Sitting in the audience, Laura Trevino smiled at the comment. But at the breakfast buffet the next morning, to her astonishment, a silver serving dish piled high with grits appeared. She was amazed, she would later explain, to have encountered an African-American man “powerful enough to have grits appear in Chicago!” Seeing people of color exert power in this setting—the power to create such an event, even the power to make grits appear—Hall began to understand why her dean had insisted she come.
Also taking a seat in the audience was Olenda Johnson, a third year doctoral student at the University of Pittsburgh. She too was there
because of Dean Stith, her former professor and mentor. Until that moment, she had known only three other people of color—two of them in her school—pursuing doctorates in business. Just meeting others at the hotel “was a blessing in and of itself,” she would later recall. “Even though we had loving support of family and friends, we all lacked a resonant support system that truly understood the scope and the depth of our challenges—and the psychological strain.”
At another corner of the room sat Patricia Martinez del Sanchez, a Californian who had flown in with interest, but with no intent of actually entering a doctoral program.
The two days of the conference began to unfold. It had been put together with care and great thought all summer and fall by the planning group, which had had to invent it all: There was no guide on how to create such a conference. Remarkably, through two decades, the program agenda they devised would undergo virtually no substantive change. They had nailed it almost perfectly the first time.
After deans and doctoral program heads provided a detailed overview of the PhD cycle, Michael Clement led a lengthy session in which current doctoral students shared their experiences—often in personal detail. Later, a panel of faculty members told the audience about the ultimate prize—the life they could enjoy as professors. Among the panelists was the late Sandra Shelton, a lonely doctoral student no more. She was now Dr. Sandra Shelton, an accounting professor at DePaul University. Having taken the position, she had just officially finished her PhD at Wisconsin two days earlier.
The bulk of the afternoon was devoted to the university recruiting hall, where the 266 participants could learn more, tailored to their individual interests and concerns, by meeting directly with the 67 representatives of doctoral programs whom Dean Stith three months earlier had assured Milano would never show up.
The following morning was devoted to breakout sessions for each of the five major business disciplines. Olenda Johnson sat on the panel of management doctoral students, but preceding them was a panel of experienced management professors. “As each shared their experiences and the impact they had on their students, the tears for me just started flowing,” she recalled. “I immediately felt in my heart a clarity of purpose and fuller understanding of my calling. I would be touching lives in more ways than I could imagine.”
The information systems panel was led by Laura Trevino the struggling student who had been told by her professors not to even try.
A closing session tied it all together in an uplifting recap. The 266 participants had easily learned more, in these two days, than they could in months—if at all—on their own. Among the panelists in that finale was Dr. Shelton.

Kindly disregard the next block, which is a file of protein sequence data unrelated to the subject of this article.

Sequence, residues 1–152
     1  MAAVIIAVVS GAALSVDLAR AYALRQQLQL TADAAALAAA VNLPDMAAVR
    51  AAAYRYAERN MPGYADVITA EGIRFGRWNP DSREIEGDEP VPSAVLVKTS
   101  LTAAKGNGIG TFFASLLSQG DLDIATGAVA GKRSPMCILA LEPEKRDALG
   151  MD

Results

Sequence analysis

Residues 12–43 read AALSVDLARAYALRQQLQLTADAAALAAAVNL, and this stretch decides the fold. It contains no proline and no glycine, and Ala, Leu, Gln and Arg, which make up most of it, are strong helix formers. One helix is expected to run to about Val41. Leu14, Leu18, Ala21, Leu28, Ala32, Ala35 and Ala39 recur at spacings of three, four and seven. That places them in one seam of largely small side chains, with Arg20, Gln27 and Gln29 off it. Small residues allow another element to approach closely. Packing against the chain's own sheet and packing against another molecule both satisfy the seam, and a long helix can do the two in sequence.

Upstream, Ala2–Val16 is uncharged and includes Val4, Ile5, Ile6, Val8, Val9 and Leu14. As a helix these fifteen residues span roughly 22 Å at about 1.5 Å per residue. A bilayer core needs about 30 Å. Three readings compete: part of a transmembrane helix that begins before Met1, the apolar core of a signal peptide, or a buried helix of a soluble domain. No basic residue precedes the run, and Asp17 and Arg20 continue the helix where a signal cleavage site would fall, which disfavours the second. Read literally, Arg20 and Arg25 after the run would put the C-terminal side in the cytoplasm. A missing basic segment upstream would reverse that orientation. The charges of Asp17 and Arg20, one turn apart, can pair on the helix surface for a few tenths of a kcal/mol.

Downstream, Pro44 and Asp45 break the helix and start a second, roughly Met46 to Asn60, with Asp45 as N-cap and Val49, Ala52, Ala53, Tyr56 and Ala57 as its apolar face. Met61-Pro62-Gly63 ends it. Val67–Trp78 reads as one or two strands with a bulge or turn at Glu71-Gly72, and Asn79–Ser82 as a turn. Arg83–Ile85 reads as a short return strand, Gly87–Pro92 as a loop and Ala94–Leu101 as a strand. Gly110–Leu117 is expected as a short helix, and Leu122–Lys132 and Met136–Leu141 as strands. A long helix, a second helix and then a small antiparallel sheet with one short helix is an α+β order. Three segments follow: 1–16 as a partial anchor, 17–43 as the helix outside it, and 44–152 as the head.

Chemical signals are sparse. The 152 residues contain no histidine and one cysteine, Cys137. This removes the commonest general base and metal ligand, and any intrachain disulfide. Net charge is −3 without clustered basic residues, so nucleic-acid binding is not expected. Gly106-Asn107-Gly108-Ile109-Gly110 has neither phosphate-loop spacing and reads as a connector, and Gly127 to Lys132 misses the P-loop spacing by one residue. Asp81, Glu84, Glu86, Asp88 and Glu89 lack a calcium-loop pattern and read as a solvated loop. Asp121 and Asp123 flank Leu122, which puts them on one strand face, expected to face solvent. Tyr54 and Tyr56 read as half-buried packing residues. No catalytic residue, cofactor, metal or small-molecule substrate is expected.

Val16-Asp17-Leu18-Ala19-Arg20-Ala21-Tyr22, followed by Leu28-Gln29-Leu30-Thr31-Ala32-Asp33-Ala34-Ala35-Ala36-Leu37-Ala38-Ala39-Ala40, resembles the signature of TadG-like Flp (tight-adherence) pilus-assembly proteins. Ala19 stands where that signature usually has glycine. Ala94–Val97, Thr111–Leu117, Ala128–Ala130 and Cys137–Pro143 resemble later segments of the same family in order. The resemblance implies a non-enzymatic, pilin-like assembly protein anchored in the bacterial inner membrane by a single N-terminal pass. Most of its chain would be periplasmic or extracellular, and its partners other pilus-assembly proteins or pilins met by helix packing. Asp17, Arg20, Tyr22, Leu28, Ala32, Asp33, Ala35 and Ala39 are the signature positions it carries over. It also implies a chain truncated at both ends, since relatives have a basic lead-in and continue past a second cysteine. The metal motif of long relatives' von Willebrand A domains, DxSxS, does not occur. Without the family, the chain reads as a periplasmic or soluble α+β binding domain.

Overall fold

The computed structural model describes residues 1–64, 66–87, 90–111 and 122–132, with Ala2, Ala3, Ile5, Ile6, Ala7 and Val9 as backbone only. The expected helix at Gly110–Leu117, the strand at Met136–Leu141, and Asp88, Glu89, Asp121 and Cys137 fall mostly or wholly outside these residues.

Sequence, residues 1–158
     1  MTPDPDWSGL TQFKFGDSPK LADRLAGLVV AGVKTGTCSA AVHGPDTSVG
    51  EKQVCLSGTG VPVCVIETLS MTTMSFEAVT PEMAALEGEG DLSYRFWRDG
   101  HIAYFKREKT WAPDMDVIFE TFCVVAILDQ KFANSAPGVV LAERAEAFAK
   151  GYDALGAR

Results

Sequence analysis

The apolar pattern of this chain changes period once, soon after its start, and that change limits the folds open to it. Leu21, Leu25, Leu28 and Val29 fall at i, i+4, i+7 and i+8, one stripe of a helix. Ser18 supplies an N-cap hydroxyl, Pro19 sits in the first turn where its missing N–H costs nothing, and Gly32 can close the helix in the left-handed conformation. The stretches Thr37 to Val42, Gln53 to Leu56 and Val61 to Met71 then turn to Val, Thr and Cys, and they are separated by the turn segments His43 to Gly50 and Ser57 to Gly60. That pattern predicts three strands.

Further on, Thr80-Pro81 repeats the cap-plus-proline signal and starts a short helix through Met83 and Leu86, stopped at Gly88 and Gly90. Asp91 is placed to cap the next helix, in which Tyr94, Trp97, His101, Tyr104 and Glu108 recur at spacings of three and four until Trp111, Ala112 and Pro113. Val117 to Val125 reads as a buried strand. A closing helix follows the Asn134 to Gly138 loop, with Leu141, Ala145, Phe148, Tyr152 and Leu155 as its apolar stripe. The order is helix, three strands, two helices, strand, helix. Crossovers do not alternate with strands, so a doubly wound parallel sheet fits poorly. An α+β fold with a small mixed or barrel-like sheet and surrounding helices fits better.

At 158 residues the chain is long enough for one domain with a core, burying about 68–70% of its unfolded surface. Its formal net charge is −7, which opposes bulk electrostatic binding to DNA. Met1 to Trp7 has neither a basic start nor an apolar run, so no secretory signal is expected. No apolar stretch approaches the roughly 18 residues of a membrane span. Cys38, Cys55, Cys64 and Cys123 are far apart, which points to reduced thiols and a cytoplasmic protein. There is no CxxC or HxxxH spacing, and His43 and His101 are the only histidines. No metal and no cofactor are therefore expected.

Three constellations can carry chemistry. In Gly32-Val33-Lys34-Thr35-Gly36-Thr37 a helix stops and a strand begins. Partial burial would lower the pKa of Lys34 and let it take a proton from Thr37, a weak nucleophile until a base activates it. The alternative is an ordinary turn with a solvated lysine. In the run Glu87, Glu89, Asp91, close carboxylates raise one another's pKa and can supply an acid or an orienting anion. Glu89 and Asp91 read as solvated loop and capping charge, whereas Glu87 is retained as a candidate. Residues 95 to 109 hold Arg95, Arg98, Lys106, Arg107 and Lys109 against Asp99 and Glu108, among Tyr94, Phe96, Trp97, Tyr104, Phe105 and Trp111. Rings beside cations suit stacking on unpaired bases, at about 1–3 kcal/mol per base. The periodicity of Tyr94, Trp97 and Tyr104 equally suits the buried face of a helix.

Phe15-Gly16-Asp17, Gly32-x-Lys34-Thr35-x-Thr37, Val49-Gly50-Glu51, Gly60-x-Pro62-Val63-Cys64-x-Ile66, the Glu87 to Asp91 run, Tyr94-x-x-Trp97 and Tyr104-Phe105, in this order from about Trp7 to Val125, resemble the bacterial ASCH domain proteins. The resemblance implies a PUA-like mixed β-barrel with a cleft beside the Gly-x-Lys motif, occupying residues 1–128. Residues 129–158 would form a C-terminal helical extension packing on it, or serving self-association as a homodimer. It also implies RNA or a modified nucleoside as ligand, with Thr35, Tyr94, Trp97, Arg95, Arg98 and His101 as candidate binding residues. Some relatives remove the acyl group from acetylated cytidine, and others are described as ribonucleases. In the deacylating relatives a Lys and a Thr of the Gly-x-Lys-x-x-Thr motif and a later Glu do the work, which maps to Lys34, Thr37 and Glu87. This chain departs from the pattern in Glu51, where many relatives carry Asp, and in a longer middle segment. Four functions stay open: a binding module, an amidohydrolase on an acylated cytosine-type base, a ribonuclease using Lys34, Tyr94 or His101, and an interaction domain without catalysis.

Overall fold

As preparations for that session took place, Milano turned to team member Tara Perino and said, “You know, Sandra just defended her dissertation and she’s officially a PhD. We have to do something.”
“I know,” Perino replied. “What did you have in mind?” Milano shrugged and walked off to attend to another matter. Perino looked around her makeshift command post and saw a PhD Project display her team had created. Part of it was a prop, a mortarboard graduation cap with the organization’s now instantly recognizable rainbow tassel affixed. She snatched it up and tucked it under her arm.
A short time later the final session concluded, lifting the room to an emotional pitch. Milano took the microphone for a surprise announcement: The PhD Project had already achieved its first graduate, he said, and there would now be a graduation ceremony. The crowd fell silent, uncertain how this could be possible.
Sandra Shelton was called to the podium, and the cap that Perino had picked from the display booth was placed atop Dr. Shelton’s head to loud cheers and applause. The signature moment of every PhD Project conference since then—the capping ceremony—had been born in a burst of spontaneous, inspired improvisation.
To Olenda Johnson, sitting in the audience, “There was a sense of awe and immense pride, excitement and once again affirmation of the path God had me on.”
Patricia Martinez del Sanchez, the Californian who had come to the conference largely from curiosity, had been greatly surprised to realize the depth of commitment needed to earn a doctorate, but equally impressed at the strength of the support system The PhD Project was promising to help people through it. By that morning, she had made the life-changing decision: she would become a professor. She had listened carefully to Dr. Shelton’s talks and found her to be “a huge, vivid, personified example of what could be in store for me.” Watching Dr. Shelton get “capped” served as a confirmation of the decision she had just reached.
Laura Trevino had already experienced her emotional peak. Listening to Dean Stith, Milano and Dean Craig—the man who made grits appear—she had heard “things I had never heard before. How important I was, how much difference I could make, how much impact I could have, and all I had to do was keep on my path. These three men changed my life fundamentally just by believing in me, supporting me and contributing every resource they could drum up.”
Of that first PhD Project cohort, 50 would go on to enter doctoral programs, and 33 would complete. Of these, 30 were still teaching in 2016. They are:
Dr. Tanya Benford, Dr. Paul Brown, Dr. Pamela Carter, Dr. Gail Dawson, Dr. Kimberly Ellis, Dr. Elisa Fredericks, Dr. Luis A. Garcia, Dr. Rosanna Garcia, Dr. Jorge Gonzalez, Dr. Kimberly Grantham, Dr. Joyce Jackson, Dr. Jo Yvette Lacy, Dr. Karl Lawrence, Dr. Leyland Lucas, Dr. Patricia Garcia Martinez del Sanchez, Dr. Karen McDougal, Dr. Sylnovie Merchant, Dr. Alisa Mosley, Dr. Karen Nunez, Dr. Harriette Bettis Outland, Dr. Susan Perkins, Dr. Vanessa Perry, Dr. Ronald Ramirez, Dr. Charles Richardson, Dr. Joe Ricks, Dr. Quinetta Roberson, Dr. Nolan Taylor, Dr. Karynne Turner, Dr. Michelle Williams, Dr. Satina Williams, Dr. Lynette Wood.
In Memoriam Sandra Shelton